British Airways is under investigation by competition watchdogs on both sides of the Atlantic for allegedly colluding with other airlines to fix fuel surcharges on tickets for long-haul flights to and from the UK.
The country's flagship airline yesterday put its commercial director, Martin George, and Iain Burns, the head of communications, on a leave of absence for the duration of the inquiry by the Office of Fair Trading and the United States Department of Justice.
Should the civil investigation find BA guilty of engaging in "cartel activity" to fix prices, the OFT can impose a fine of up to 10 per cent of the airline's worldwide annual sales, which amounted to £8.5bn for the year to the end of March.
Unusually, the OFT simultaneously launched a criminal investigation into unnamed individuals suspected of direct involvement in price fixing.
If found guilty at a trial, they face an unlimited fine and up to five years in prison.
The names of the airlines with which BA allegedly colluded remain unclear.
Three other carriers are assisting with the investigation: Virgin Atlantic, American Airlines and United Airlines.
The two American companies were yesterday subpoenaed to appear before a federal grand jury as part of an inquiry that may drag on for months.
BA, Virgin, United and American are the only airlines permitted to fly transatlantic routes from London Heathrow under the long-standing Bermuda Two agreement signed by the British and American governments. Industry experts pointed out that BA and American also lead the Oneworld international airlines alliance.
In the past year, it was said, the pair has raised fuel surcharges twice by similar amounts within days of each other.
After a total of seven increases in two years, BA's long-haul passengers now pay a £35 surcharge on a one-way flight and £70 on a return ticket.
American charges a £35 fuel surcharge for a one-way ticket to the US from Heathrow.
BA, whose premises were raided last week, has consistently argued that its fuel surcharge has grown only to keep pace with surging oil prices.
The OFT stressed that its investigation was in its infancy, and it was too soon to say whether the law had been infringed.
In a short statement to the stock exchange, British Airways confirmed that it is under investigation and said it is assisting the OFT and DoJ.
"British Airways' policy is to conduct its business in full compliance with all applicable competition laws," it added.
Not surprisingly, rival airlines were quick to support the investigation. Peter Sherrard, the head of communications at Ryanair, said: "It is about time that British Airways' rapacious fuel surcharges were investigated. It is ridiculous that, as the price of oil has doubled from $35 to $70 a barrel, BA has increased its fuel surcharge 14-fold."
A spokesman for Stelios Haji-Ioannou's no-frills carrier easyJet said, referring to the Bermuda Two agreement: "This is what happens when governments restrict consumer choice."
Yesterday's announcement came just four months after BA became embroiled in a separate investigation into suspected price fixing for cargo transport. That focused on surcharges that airlines have imposed for fuel and extra security in the wake of the September 11 attacks.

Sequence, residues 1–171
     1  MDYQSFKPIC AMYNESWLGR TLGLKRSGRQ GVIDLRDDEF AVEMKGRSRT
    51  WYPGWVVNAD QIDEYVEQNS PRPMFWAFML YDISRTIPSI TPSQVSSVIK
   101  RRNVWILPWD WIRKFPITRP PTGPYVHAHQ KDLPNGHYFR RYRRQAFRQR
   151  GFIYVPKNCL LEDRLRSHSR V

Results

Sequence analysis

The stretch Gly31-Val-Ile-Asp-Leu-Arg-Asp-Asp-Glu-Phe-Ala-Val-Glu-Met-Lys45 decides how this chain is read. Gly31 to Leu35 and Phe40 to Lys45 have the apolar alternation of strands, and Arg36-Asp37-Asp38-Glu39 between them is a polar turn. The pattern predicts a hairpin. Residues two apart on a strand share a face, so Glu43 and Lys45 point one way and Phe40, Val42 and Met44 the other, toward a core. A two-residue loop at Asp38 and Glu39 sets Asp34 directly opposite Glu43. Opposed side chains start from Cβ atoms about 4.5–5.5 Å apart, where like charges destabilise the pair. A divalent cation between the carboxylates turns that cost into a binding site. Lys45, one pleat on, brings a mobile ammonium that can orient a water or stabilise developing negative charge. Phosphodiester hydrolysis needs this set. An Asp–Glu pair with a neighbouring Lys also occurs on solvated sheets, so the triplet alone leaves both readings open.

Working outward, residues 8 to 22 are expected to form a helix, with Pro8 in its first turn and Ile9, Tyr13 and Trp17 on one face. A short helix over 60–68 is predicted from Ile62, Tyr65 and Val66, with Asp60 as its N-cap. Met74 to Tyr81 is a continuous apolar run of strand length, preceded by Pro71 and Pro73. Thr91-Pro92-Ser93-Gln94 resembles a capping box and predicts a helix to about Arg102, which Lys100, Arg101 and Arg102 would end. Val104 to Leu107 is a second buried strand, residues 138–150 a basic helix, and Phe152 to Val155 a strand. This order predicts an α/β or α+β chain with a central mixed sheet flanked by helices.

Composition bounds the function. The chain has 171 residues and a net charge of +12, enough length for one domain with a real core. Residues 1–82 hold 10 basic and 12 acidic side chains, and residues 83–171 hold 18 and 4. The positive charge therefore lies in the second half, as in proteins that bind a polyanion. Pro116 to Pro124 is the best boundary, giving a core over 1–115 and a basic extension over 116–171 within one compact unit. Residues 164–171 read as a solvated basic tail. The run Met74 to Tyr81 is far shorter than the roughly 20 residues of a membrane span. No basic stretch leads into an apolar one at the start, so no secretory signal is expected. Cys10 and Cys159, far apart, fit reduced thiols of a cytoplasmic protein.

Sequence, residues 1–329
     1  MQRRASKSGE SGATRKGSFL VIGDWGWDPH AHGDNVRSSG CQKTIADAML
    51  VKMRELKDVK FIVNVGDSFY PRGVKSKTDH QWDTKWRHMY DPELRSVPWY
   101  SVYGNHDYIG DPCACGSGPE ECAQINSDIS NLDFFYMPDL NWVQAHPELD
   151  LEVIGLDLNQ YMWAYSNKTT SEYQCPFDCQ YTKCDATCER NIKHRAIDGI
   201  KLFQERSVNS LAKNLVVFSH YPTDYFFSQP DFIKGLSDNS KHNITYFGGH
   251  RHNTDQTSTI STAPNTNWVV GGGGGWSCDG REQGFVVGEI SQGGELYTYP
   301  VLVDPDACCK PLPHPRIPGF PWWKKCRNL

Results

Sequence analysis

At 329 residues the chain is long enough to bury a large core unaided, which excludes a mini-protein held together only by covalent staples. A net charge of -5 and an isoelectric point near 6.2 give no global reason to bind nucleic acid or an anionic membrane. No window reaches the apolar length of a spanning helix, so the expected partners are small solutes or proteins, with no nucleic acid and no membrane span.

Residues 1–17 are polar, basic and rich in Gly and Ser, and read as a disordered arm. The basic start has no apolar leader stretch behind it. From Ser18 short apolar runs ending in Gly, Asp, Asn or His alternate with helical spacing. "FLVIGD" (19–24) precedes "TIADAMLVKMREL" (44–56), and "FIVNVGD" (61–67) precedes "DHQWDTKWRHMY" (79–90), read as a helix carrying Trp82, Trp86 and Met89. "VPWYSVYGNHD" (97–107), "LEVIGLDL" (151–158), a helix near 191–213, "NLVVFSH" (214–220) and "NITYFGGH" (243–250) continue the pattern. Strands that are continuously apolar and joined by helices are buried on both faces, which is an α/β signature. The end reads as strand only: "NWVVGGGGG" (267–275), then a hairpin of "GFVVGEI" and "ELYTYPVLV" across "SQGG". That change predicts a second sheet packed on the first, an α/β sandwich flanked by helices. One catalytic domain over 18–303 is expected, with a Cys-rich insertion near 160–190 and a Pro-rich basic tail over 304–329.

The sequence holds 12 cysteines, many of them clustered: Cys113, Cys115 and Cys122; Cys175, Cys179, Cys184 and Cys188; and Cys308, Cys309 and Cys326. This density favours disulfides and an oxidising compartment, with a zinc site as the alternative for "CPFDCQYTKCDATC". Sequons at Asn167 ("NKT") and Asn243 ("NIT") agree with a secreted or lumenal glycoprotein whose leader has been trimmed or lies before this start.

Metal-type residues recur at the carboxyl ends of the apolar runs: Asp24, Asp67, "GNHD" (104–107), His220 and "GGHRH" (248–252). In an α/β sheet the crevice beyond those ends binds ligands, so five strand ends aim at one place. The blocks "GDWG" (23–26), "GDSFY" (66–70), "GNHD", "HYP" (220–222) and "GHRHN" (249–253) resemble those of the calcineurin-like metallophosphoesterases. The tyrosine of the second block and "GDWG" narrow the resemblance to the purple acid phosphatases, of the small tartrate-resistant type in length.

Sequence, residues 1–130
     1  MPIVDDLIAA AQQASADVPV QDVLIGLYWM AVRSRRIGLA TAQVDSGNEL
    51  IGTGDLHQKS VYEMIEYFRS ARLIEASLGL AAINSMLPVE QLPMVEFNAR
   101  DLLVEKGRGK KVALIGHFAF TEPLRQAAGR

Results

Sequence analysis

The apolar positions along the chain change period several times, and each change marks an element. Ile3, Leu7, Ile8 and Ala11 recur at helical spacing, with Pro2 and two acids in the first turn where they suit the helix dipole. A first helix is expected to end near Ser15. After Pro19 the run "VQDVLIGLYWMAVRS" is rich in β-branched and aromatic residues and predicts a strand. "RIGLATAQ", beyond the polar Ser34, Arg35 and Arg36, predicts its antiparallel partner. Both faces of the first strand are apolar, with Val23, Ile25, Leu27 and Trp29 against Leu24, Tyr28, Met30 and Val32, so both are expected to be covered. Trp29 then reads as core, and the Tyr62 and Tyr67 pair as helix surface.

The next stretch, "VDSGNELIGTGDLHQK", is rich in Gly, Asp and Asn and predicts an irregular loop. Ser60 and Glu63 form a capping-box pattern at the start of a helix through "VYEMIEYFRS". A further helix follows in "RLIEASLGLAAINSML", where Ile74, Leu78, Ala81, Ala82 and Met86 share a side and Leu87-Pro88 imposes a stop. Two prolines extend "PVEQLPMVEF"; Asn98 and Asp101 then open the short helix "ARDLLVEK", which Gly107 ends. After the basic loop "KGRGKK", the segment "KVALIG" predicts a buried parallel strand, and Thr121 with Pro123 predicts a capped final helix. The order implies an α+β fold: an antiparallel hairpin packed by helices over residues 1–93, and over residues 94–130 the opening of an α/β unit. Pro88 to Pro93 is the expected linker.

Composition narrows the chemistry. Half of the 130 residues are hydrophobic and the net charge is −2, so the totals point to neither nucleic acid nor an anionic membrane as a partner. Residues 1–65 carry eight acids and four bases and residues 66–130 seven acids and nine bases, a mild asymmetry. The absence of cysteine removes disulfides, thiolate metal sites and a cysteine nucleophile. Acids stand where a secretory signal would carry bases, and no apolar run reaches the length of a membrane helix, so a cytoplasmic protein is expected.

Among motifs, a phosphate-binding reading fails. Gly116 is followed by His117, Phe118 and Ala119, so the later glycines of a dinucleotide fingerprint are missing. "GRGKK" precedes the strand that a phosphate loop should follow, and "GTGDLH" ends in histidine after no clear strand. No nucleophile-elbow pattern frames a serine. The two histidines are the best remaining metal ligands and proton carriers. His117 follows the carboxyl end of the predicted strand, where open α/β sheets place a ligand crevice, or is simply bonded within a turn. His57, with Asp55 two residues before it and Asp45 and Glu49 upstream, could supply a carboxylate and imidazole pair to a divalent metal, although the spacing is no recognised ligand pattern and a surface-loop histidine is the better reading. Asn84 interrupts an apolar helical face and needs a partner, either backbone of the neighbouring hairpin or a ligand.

British Airways already faces more than a dozen class action lawsuits from lawyers representing customers of its cargo division, alleging price fixing.
Michael Hausfeld, of the Washington law firm Cohen Milstein Hausfeld & Toll, which named BA and other airlines in its class action suit, said he was unsurprised by the new twist to the latest regulatory investigation, and predicted further raids and subpoenas.
His firm's own inquiries suggested that signals were sent between airlines via communications officers, he said. "It mirrors what we have learnt from talking to other airlines. The regulators are beginning to come across a variety of cartels.
"I think you will see an over-arching cartel ... and regional cartels involving passenger fares as well as cargo."
BA shares fell 21.75p to 346p, on news of the investigation, the steepest decline by any company in the FTSE 100 index.
Leave of absence
Mr George started his career as a marketing trainee at Cadbury after graduating from Loughborough University in 1984. He joined BA in 1987 as a brand manager and was appointed head of marketing in 1997 by Bob Ayling, BA's former chief executive. Surviving the fallout from the failure of the airline's "ethnic tail-fins" rebranding, he was appointed to BA's board in 2004 as the commercial director with responsibility for worldwide cargo, global public relations, marketing and pricing.
Married with three daughters, Mr George, 44, was tipped by some to replace Rod Eddington as chief executive last year, but his lack of main board experience is said to have counted against him. Last year, he received a salary of £276,000, but this rose to £425,000 after cash and share bonuses.
Mr Burns's contacts in the airline industry are said to be "second to none". Although he started his career in public relations more than 20 years ago working for British Nuclear Fuels, his involvement with the airline sector began in 1985 when he joined BAA's press office. Following a spell at American Airlines, he joined BA in 1996. After a four-year stint, he moved to the public relations agency Bell Pottinger where he continued to advise airlines.
He was parachuted in again at BA on the day after the 9/11 attacks. There he headed a 40-strong team covering all communications until yesterday. Sector analysts were puzzled to see the 47-year-old given leave of absence following the price-fixing allegations. One said: "Iain Burns is not even on the board of BA. He is just their PR guy."